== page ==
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CarbFix: Scientists turn CO2 into rock to combat climate change
CarbFix: Scientists turn CO2 into rock to combat climate change

CarbFix: Scientists turn CO2 into rock to combat climate change

The Swiss company Climeworks has launched a pilot plant in Hellisheidi, Iceland, that can capture carbon dioxide directly from the air to be pumped into underground rock formations, effectively locking the greenhouse gas away for good.

The project, called CarbFix, has developed a way to absorb carbon dioxide from the atmosphere, pump it deep underground, and transform it into stone.

Edda Sif Aradóttir, project manager, explained the significance of the venture to RÚV: “Right now, for the first time anywhere in the world, we are extracting carbon dioxide directly from the atmosphere through the carbon collectors. Then we take this purified carbon dioxide and pump it down into the ground and thus remove it permanently from the atmosphere.”

First, large collectors extract carbon dioxide directly from the atmosphere. The gas is dissolved in water and pumped into the ground, to a depth of up to two kilometres (1.25 miles). There, the carbon dioxide turns into stone rather than polluting the atmosphere.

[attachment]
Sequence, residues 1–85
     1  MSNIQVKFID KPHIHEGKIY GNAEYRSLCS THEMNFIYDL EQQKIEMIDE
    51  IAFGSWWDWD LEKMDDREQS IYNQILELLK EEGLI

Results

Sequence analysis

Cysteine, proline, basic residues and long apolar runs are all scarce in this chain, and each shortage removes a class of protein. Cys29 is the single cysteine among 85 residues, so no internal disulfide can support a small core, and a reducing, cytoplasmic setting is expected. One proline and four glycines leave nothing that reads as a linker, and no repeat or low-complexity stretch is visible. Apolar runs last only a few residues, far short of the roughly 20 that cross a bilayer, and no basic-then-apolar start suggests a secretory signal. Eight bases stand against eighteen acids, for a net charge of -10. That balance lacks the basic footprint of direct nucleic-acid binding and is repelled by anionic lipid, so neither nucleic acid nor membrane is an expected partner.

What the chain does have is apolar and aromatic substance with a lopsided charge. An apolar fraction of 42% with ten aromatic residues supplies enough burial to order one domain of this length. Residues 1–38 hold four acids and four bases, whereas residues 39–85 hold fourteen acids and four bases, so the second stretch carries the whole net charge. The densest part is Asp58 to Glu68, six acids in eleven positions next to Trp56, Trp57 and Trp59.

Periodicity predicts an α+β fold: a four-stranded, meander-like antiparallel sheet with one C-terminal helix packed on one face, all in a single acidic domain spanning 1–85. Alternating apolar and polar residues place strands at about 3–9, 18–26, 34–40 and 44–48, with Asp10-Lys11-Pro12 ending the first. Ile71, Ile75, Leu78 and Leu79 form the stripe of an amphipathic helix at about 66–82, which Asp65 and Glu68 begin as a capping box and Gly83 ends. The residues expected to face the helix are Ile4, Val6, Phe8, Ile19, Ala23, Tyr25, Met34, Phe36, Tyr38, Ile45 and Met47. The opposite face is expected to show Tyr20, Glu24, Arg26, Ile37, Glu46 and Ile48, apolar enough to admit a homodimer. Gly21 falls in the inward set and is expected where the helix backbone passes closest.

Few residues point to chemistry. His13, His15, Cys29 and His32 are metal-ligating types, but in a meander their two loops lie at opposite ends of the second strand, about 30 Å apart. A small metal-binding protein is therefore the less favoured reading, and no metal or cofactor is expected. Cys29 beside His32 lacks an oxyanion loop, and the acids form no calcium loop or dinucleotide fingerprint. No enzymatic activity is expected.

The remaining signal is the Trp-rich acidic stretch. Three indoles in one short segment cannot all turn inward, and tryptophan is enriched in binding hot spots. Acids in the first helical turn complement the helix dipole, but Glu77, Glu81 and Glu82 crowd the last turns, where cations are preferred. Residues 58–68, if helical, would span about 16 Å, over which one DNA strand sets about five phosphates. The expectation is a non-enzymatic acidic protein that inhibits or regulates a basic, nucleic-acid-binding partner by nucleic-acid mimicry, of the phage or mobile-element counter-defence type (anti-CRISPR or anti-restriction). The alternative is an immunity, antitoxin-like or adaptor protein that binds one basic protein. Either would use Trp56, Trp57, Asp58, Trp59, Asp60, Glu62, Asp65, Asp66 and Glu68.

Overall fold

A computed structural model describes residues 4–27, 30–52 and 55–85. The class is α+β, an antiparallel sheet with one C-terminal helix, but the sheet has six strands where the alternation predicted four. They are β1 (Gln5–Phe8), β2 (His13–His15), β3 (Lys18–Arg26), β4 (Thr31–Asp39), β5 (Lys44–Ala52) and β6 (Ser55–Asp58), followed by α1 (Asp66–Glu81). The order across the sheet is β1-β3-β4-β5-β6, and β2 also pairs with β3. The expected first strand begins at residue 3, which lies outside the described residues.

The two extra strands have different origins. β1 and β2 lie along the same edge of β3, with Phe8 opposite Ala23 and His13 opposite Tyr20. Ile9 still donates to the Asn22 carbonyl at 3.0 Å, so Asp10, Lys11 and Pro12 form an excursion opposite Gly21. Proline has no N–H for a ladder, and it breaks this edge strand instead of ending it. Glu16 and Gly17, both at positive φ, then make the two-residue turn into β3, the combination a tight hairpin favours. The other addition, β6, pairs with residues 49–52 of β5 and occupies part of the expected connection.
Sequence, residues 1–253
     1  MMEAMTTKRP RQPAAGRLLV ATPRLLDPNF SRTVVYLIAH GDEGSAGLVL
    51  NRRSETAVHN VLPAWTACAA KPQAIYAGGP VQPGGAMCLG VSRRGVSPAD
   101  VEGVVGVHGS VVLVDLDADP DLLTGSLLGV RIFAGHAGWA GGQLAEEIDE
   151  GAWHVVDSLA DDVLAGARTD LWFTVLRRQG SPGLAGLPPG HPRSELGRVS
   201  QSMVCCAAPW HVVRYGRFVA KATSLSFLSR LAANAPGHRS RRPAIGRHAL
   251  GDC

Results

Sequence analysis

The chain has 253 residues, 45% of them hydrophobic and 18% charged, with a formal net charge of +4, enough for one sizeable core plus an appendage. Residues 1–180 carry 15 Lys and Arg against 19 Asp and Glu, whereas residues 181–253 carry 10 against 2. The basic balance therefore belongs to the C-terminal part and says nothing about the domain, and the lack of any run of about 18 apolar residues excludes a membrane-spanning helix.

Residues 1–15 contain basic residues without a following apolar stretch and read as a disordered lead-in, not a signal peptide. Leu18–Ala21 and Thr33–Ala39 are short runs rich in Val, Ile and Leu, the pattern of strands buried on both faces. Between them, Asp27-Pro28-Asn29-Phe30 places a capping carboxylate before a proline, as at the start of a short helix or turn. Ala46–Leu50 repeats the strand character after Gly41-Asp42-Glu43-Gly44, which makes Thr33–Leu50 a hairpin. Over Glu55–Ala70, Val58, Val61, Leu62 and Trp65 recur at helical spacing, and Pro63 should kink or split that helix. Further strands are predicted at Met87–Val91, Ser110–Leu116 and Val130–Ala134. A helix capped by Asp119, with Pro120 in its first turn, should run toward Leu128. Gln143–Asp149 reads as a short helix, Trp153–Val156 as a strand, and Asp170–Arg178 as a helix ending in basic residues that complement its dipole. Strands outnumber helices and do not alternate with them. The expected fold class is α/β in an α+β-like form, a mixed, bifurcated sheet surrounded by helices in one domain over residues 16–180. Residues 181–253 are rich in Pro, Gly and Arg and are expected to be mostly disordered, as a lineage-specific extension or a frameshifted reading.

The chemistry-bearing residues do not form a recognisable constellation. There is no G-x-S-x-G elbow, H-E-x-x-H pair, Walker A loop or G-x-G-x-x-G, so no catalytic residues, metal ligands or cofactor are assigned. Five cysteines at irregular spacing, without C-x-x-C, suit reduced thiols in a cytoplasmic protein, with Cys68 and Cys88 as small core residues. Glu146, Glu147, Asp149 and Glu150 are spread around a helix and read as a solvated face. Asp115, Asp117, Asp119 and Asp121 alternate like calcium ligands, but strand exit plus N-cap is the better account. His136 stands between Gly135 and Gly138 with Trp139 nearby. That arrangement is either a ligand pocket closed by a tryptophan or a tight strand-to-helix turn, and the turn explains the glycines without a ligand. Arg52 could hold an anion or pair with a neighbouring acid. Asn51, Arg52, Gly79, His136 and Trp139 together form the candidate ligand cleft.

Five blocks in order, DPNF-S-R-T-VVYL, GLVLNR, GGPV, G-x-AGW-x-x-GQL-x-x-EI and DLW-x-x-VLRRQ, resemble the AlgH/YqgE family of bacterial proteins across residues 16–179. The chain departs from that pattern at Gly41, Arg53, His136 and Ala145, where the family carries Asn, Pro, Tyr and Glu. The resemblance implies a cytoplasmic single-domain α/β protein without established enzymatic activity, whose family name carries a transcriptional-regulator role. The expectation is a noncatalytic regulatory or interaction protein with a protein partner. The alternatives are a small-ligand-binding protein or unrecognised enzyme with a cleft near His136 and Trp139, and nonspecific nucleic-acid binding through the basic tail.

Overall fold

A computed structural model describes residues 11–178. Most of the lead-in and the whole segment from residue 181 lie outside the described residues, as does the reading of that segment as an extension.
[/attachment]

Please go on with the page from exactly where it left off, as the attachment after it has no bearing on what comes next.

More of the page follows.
The project is a collaboration between Reykjavík Energy and Swiss company Climeworks, with participation from the University of Iceland, Columbia University in New York, and the French National Centre for Scientific Research. The collectors will be active at Hellisheiði for a one-year trial and in that time are expected to remove 50 tonnes of carbon dioxide from the atmosphere. Annual emmisions, however, amount to 30-40 gigatonnes worldwide.

“It is quite clear that if we are to achieve climate goals, then we have to take steps such as extracting carbon dioxide directly from the atmosphere as we’re doing now. This will undoubtedly be one of the solutions,” stated Sandra Ósk Snæbjörnsdóttir, engineer at Reykjavík Energy.

Agencies/Canadajournal




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